Lettera 27
Redazione | 25-11-2007 | ITA
(Translated by Anamaría Crowe Serrano)

What if the world spoke another language? Not the language of the colonisers but the language of the colonised, of the marginalised, of the "pariahs". A language against the prejudices of Western culture.

We wanted to wait a year at least before talking about lettera27, the non-profit making organisation set up in Italy in July 2006, supported by Moleskine. We wanted to wait and see how much of this ambitious project would become reality. And what a reality it has turned out to be. "Its mission is to support the right to literacy, to education, and the access to knowledge and information, all over the world and especially in the most deprived areas". We wanted to wait and see if it would end up being yet another empty promise, albeit well packaged, or a truly "functional" project.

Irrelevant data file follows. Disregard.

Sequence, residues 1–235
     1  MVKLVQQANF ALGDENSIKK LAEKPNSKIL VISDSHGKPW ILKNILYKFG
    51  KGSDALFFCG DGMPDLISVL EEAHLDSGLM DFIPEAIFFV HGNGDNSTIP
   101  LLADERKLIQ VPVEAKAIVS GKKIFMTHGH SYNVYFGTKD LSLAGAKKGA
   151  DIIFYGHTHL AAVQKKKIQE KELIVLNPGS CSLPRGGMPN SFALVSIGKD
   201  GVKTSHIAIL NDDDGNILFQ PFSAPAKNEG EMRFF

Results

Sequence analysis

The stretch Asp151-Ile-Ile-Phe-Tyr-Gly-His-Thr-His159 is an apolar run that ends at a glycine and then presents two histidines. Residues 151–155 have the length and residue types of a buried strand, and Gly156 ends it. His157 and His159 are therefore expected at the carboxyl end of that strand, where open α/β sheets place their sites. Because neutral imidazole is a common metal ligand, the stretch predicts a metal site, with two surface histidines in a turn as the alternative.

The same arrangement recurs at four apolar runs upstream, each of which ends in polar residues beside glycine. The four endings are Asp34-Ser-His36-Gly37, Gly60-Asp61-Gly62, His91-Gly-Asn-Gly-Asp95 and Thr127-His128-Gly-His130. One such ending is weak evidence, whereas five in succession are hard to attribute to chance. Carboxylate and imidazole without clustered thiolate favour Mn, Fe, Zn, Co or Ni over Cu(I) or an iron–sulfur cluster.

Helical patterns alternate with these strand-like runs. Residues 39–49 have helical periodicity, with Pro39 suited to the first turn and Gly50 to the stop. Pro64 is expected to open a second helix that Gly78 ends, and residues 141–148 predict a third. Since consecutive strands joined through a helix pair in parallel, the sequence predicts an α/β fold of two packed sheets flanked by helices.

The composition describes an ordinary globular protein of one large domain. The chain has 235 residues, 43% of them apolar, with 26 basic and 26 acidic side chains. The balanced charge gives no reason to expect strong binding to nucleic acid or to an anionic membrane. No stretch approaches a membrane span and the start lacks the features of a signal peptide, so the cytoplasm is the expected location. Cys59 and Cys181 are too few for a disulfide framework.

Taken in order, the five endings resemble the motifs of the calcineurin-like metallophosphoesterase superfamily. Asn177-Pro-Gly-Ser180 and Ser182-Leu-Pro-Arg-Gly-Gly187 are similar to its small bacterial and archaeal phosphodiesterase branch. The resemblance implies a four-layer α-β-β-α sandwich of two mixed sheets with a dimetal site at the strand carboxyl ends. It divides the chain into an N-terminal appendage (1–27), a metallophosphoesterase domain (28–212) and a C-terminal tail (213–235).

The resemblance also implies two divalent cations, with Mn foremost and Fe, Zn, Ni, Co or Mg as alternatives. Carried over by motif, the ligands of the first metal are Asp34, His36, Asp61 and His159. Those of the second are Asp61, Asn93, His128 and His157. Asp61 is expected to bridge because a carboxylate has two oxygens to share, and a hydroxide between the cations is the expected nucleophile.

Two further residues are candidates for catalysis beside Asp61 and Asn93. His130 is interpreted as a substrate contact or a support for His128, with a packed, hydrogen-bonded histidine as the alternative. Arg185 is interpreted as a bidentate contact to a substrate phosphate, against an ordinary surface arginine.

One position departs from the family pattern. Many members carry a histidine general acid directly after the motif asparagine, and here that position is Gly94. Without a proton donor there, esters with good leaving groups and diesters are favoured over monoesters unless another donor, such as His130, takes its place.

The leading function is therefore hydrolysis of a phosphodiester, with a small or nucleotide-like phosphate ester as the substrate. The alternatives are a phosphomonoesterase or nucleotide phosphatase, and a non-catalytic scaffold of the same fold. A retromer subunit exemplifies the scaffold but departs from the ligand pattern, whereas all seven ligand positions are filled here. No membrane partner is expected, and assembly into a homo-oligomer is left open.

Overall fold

So we waited.

As far as functional is concerned, we found the WikiAfrica project, which participated in the Festivaletteratura (Literary Festival) in Mantua, was present at the Literacy Campaign at the Frankfurt Book Fair and did various workshops for staff. To date the project has paid great attention to public relations and forged strong liaisons in the cultural sphere. But what has become, in a year and a half, of the initial idea of including the African reality, with its own vocabulary, in the global Wikipedia universe? "Griot, Tuareg poetry, African botany, Black Islam..." Five - and we stress five - founders of lettera27 have gone to the trouble of adding these and hundreds more words like them to Wikipedia. It's an admirable effort, especially given the mere 75,000 euros allocated to the enterprise.

Then there are the Moleskine notebooks that some artists - Dave Eggers, among others - have donated to lettera27 to advocate the cause. If you're curious about them, you'll find them at Moleskinecity.